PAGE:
Here, I disagree. Using a sub-standard version control system (or any such development tool, for that matter) will cost a development team a lot of lost time, money and frustration. Teaching workers to use something else takes a constant time, and afterwards everything works faster, they feel less frustrated, and you save more money. CVS is a sub-standard version control system, and most of the other VCSes I mentioned tried to be as similar to it as possible, so people can still use the old conceptual model, and retain some of their habits.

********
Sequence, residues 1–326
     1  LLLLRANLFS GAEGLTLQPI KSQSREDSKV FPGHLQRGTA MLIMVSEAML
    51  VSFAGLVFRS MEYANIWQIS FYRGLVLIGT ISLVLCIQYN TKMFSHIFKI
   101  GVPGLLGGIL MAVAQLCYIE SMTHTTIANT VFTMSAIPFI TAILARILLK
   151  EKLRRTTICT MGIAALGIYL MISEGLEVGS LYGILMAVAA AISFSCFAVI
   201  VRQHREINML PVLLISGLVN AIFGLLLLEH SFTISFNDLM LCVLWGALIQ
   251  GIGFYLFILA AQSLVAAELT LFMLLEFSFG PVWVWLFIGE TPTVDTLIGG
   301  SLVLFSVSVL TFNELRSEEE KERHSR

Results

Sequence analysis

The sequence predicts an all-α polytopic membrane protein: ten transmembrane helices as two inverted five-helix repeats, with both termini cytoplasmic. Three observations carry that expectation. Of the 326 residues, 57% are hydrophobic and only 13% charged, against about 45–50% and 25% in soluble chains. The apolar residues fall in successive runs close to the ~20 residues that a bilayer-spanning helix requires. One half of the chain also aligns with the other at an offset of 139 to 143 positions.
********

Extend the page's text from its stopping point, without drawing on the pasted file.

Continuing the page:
The Joel Test:
Does not say that you should use the best tools money can buy for nothing.
What you are saying is actually perpetuating the Status Quo, claiming that developers cannot effectively be retrained and shouldn't. Developers are smart people - they can always be retrained. People have switched from SCCS to RCS to CVS and there's no reason there wouldn't be a future switch to Subversion or whatever. (and I am almost sure there will be). They also switched from sh to csh to tcsh to bash, and from troff to latex.
The world is dynamic and should be - get used to it.